Anthony - Very very valid and a lesson I have only just learnt whilst going though Walter Palls Blog.  One of my biggest mistakes has always been trying to keep a bonsai looking perfect at all times.  I think this has been to the detriment of some of my bonsai.

Jodie - Very interesting program.  Like all things, starting records and trying to get everything up to date can be a total nightmare.

J - I am too scared to save anything for too long on my hard drive.  Maybe just paranoid but I tend to keep minimum items on my hard drive.
« Last Edit: December 10, 2014, 12:38 PM by DorianJF »
 

Jerry Norbury

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Re: Keeping Bonsai Records
« Reply #9 on: December 10, 2014, 03:50 PM »
Microsoft word to hold notes about purchase prices, last repot date etc

Masses of photos on flickr of each tree.

When you've got a lot of trees, it's hard to keep track, mind you.
 

DorianJF

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Re: Keeping Bonsai Records
« Reply #10 on: December 10, 2014, 11:38 PM »
Hi Jerry. Very hard to keep track with many trees. I really do not know how some people get it right.

I am slowly but surely trying to load all my trees onto my FB page. Will be taking so leave shortly so will take a day or 2 to try and update it properly
 

Leo in NE Illinois

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Re: Keeping Bonsai Records
« Reply #11 on: December 14, 2014, 12:24 PM »
At some point I decided my priority is to enjoy the growing of bonsai, not book keeping about bonsai. So my records are haphazard, partial, & incomplete. I do take pictures when I have time or a "need" to document a technique, but for all but my best trees for the current year I have not bothered with specific records.

I have a large orchid collection, and I have a simple spreadsheet in my computer on my own hard drive (and a back up external drive) that keeps a list of some 1200 orchids I am watering. Very bare bones, mostly used to keep me from buying something I already have, and knowing when something has grown well enough that I have divisions to trade or sell.

My habit with the orchids, is when I down load pictures to my laptop, I label the images with the inventory number of that particular orchid and the date. Then store them in file folders labelled for genus. One could keep a fairly well organized photographic history of a bonsai by simply storing images in file folders labelled for each tree.

So my record keep improves when I have down time, becomes really haphazard when I am busy. Never saw a grave stone saying "Should have kept better records"  ::)
 

DorianJF

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Re: Keeping Bonsai Records
« Reply #12 on: December 14, 2014, 01:31 PM »
Hi Leo.

That is really interesting.  I think I reach the polar opposite of you when I decided that I had better start some sort of record keeping to help me improve my knowledge of bonsai.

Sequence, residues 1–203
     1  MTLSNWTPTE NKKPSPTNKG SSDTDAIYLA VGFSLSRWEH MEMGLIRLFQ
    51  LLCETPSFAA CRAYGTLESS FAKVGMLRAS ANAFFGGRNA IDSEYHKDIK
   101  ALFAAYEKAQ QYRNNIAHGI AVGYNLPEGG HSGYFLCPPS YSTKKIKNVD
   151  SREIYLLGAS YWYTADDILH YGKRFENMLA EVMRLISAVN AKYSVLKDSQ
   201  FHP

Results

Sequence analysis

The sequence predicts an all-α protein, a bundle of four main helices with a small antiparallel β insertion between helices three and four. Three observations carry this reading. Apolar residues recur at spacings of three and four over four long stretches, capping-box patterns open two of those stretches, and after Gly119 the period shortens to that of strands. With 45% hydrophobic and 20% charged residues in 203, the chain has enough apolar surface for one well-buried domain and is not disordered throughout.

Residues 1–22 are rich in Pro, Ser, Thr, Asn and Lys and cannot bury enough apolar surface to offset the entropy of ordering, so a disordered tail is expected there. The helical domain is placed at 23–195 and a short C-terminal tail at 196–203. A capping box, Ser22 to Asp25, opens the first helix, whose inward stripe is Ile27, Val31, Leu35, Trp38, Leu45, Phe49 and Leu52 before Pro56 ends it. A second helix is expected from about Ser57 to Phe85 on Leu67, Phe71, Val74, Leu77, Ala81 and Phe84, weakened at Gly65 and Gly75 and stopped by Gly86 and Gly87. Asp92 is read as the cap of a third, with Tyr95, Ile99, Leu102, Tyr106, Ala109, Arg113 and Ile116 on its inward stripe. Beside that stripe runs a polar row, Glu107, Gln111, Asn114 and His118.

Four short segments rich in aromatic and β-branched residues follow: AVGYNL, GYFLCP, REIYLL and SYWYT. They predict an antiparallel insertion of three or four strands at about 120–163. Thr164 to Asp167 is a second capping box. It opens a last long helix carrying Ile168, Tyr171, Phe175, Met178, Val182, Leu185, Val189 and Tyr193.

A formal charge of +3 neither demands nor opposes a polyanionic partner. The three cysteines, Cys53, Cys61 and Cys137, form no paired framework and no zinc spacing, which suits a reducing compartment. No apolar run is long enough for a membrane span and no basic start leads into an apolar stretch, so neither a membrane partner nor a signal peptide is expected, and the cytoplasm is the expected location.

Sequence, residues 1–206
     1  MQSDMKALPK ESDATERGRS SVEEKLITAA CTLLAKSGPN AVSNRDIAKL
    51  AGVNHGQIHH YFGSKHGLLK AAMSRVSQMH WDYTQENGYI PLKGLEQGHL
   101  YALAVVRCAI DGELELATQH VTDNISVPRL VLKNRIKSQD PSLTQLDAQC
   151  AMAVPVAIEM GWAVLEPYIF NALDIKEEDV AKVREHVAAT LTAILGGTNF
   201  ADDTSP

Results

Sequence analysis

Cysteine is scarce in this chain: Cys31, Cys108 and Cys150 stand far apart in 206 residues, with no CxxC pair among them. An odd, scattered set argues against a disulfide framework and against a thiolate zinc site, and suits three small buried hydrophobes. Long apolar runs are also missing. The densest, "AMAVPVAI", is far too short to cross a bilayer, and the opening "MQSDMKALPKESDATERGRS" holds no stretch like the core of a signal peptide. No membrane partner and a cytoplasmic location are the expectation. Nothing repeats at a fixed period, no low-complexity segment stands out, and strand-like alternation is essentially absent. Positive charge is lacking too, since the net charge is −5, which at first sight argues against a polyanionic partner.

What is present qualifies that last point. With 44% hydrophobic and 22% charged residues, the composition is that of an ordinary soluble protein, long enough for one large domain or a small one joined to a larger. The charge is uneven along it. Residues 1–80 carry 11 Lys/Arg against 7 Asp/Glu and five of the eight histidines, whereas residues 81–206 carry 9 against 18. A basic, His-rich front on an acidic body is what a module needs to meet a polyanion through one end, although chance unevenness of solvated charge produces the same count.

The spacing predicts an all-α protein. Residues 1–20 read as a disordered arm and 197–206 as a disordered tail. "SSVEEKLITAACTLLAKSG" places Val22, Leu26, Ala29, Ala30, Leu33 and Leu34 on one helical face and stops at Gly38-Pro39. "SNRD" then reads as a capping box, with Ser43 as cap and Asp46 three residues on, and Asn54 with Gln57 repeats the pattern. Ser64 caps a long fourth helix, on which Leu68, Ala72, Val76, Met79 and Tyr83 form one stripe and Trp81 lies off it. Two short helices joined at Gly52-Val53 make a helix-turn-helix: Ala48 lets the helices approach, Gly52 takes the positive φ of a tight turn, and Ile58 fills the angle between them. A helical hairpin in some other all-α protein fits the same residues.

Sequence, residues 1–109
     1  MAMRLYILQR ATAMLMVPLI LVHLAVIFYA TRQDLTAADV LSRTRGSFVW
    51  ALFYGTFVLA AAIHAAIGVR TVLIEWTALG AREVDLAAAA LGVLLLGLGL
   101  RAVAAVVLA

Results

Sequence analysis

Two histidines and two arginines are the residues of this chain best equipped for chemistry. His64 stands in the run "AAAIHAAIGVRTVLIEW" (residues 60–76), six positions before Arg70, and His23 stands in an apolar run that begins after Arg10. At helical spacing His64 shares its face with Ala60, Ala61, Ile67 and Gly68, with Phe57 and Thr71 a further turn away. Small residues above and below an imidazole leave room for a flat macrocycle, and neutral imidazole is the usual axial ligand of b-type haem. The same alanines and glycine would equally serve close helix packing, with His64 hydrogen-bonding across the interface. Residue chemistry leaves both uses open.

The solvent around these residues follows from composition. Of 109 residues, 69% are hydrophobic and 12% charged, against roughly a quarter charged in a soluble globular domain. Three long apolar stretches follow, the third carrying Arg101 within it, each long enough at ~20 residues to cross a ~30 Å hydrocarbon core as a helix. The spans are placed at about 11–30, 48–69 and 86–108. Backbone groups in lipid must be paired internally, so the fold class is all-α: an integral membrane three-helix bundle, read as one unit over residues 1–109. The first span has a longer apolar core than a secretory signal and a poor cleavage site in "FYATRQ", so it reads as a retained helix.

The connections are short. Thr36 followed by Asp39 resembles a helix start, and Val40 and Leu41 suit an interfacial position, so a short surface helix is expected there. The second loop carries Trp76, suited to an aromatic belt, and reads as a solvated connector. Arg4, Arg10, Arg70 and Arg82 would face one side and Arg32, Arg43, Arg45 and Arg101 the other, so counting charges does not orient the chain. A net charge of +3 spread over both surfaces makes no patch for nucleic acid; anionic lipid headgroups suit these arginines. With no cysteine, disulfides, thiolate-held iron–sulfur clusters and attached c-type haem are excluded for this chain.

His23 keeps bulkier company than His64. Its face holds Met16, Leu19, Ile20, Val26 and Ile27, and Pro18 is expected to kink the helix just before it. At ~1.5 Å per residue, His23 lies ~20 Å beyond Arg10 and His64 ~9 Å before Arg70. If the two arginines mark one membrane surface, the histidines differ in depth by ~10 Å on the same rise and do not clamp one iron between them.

Now about those orchids. Wow. 1200. That is loads. I love orchids and have 5 that I am trying to keep alive (I have a very low success rate on this). My uncle was a orchid lover and he grew hundreds of them for as long as I can remember before he passed away.  During my honeymoon in Thailand I just loved going to nurseries and could spend hours just walking around looking at the different orchids.

I definitely have a better success rate with my bonsai and my airplant collection.
 

Leo in NE Illinois

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Re: Keeping Bonsai Records
« Reply #13 on: December 19, 2014, 01:49 PM »
Hi Leo.

That is really interesting.  I think I reach the polar opposite of you when I decided that I had better start some sort of record keeping to help me improve my knowledge of bonsai.

Now about those orchids. Wow. 1200. That is loads. I love orchids and have 5 that I am trying to keep alive (I have a very low success rate on this). My uncle was a orchid lover and he grew hundreds of them for as long as I can remember before he passed away.  During my honeymoon in Thailand I just loved going to nurseries and could spend hours just walking around looking at the different orchids.

I definitely have a better success rate with my bonsai and my airplant collection.

Thanks - orchids are addicting. If you are keeping bonsai and air plants (bromeliads) alive, you have all the intuitive skills needed for orchids, they really are "easy". Mostly a matter of finding the right "spot" for them. Shady locations for some, sun for others. Overwatering is as much a problem as underwatering. By and large most forgive a lot of errors.

Actually - I say I am haphazard, but most photo embed data when they are taken, usually date, sometimes location too. So file folders labeled in a way to identify which tree the images are of, really does make a good "record". All you have to do to find out when a photo was taken is look at image properties and the embedded info is available. I dislike "cloud based" databases, because to date there is always the recurring costs, and or the issue of security with cloud based products. I hate the idea of having to pay up to get to my records. A little thought into file structure goes a long way toward good records.
 

Anthony

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Re: Keeping Bonsai Records
« Reply #14 on: December 20, 2014, 11:16 AM »
In the beginning the search for knowledge was intense.
I got permission to show you the write up on the first Tamarind - 1983 November.
The drawings are actual studies from nature.
Looking through the 5.5 x 8.5 " black drawing book was a real memory trip.
Good Day
Anthony